New Delhi [India], February 5 (ANI): Former Indian skipper and batter Mithali Raj said on Sunday that India's success in the upcoming ICC Women's T20 World Cup is largely dependent on its top order and also hoped that Under-19 World Cup winners Shafali Verma and Richa Ghosh, who already have experience of playing in SA's conditions, have a good run in the tournament as well.
ICC T20 Women's World Cup will start from February 10 and will go on till February 26. India will start off its campaign in a high-voltage match against Pakistan on February 12. Women in Blue were the runners-up in the 2020 edition of the tournament and lost to Australia in the final.
"India's chances will be largely dependent on the top order. Smriti Mandhana is playing well and is a match-winner. Harmanpreet Kaur has looked in good form too. But we have to beat Australia and England, and you need other batters to come to the party," said Raj as quoted by ICC.
"I hope Shafali Verma and Richa Ghosh also have a good run at the World Cup considering they have gained so much experience of the conditions in South Africa. The bowling will be tested and that is where we need to see an improvement.""I am excited about some of the young players coming through and there is definitely some talent in the Under-19s team which I had the chance to see play at the inaugural ICC Under-19s Women's T20 World Cup," Raj concluded her point.
With an outstanding ICC Women's U19 T20 World Cup still fresh and an inaugural Women Premier League (WPL) auction coming, Raj is hugely enthusiastic about the future of the game.
"I am really hoping that the WPL will also help with player development. We have seen at the Under-19 World Cup how much young talent there is around the world and how players are already benefiting from the number of televised matches and the chance to play alongside big names in domestic cricket," said Raj.
"I cannot wait until the start of the World Cup, and I am expecting a really high standard of cricket in South Africa. We should be in for a brilliant tournament," added Raj.
India legend Raj was capped 333 times across the formats in her extraordinary international career. And on the back of that experience, the 40-year-old believes that one of the biggest factors going into the ICC Women's T20 World Cup will be to ensure that the players are mentally ready for the contest.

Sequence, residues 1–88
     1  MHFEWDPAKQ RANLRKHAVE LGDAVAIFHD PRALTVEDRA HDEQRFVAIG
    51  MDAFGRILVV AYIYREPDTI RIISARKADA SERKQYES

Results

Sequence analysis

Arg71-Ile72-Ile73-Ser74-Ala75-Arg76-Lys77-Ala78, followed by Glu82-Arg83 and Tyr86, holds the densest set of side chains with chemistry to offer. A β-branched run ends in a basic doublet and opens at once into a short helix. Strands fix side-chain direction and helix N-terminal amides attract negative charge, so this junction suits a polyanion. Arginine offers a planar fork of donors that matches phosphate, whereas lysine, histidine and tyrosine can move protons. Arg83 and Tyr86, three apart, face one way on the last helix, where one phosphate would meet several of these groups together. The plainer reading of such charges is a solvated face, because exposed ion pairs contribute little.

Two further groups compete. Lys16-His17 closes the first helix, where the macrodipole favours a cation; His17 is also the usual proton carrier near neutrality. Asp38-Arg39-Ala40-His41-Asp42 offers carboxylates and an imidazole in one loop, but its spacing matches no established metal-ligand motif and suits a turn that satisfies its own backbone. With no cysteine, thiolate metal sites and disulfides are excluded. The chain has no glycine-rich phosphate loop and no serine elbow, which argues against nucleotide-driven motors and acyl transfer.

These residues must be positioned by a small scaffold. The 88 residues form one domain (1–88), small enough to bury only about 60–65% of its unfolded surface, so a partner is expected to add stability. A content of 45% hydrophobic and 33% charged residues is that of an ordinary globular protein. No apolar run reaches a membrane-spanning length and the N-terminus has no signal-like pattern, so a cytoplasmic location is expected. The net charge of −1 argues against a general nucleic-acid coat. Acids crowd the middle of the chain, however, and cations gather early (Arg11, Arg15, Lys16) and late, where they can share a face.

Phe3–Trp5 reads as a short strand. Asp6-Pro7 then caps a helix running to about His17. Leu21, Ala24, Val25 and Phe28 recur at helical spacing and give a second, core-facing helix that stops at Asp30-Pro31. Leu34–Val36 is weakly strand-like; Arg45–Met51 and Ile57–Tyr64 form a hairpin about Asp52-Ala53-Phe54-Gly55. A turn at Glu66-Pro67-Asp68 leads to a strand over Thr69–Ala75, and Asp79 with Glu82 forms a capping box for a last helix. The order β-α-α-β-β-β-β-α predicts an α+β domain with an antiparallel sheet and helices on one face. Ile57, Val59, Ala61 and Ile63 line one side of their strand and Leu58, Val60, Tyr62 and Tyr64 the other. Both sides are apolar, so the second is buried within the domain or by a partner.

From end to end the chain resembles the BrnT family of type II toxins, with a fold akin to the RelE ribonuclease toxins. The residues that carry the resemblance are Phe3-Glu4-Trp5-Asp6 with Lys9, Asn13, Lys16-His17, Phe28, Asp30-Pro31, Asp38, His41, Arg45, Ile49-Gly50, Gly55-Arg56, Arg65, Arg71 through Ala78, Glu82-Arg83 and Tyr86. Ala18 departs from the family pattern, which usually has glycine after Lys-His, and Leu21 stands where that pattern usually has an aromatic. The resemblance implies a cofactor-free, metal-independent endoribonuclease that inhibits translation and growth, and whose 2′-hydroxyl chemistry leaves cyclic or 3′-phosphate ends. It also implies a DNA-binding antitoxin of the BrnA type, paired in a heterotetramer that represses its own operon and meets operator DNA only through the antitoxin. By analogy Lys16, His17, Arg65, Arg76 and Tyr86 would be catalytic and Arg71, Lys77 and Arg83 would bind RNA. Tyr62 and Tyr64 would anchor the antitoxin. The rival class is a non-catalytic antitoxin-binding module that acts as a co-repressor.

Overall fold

"The ICC Women's T20 World Cup 2023 will get underway soon and while most of the preparation has already been done, the challenge will be to ensure the players are ready mentally," Raj said.
"For an event like this, you have to do so much work on the mental side. It is so important to be in a very good mental space. The clearer and more composed you are, the more natural your performances will be and your cricket will start to flow."Australia go into the tournament as the current holders of the trophy and as five-time ICC Women's T20 World Cup champions, and Raj says that they will be the favourites once again in South Africa.
"Going into the tournament in South Africa, I think everyone would agree that Australia is the favourites, and deservedly so," Raj said.
"They are so difficult to beat because they bat deep and have an excellent batting line-up.""There are not many teams who can rival them in terms of big hitters, and the fact they have numerous players who can play a similar role means that if one fails, others can step in.""We saw recently that when they toured India, although that was a very competitive series, when it came down to it, more often than not, it was Australia who came out on top," concluded Raj.
The former opener has also opened up about her experience in South African conditions, a place where she believed batters with clean footwork and the ability to play bounce will be rewarded.
"The conditions in South Africa will make life easier for those batters who can negotiate bounce. If you can deal with the bounce, there are runs to be had square of the wicket, and the cricket can be very pleasing to the eye," Raj explained.
"The seamers should thrive as well. It might be a bit trickier for the wrist spinners in particular, but if you give it a tweak you will get purchase off the wicket.""I was lucky enough to play in the ICC Women's Cricket World Cup in South Africa in 2005 when India got all the way to the final. I really enjoyed playing on those tracks where you are rewarded for your clean footwork. You can play through the line as well," concluded Raj.
According to Raj, the arrival of franchise leagues around the world had changed women's sport as we knew it, helping in player development and providing financial stability.
"It will be a little strange not being out there but I will be analysing the game as if I am still in the middle. I cannot help it but I still watch the game as a player, someone who is trying to read the game and think about what to do in a given situation," Raj added.
"What is great at this moment is that the women's game is constantly evolving. Where 140 used to be a par score in a T20, now you can see 160-180 plus chased down, and so many matches go down to the wire. It is certainly nerve-wracking and fun to watch.""That change has come down to the increase of leagues all over the world, with the WBBL in Australia, the Super League in England and of course the Women's Premier League in India which is going to start this year.""Those platforms not only give local players the chance to interact with overseas stars, but they also offer better financial stability which allows them to invest in their own games, hiring personal coaches or strength and conditioning coaches," concluded Raj. (ANI)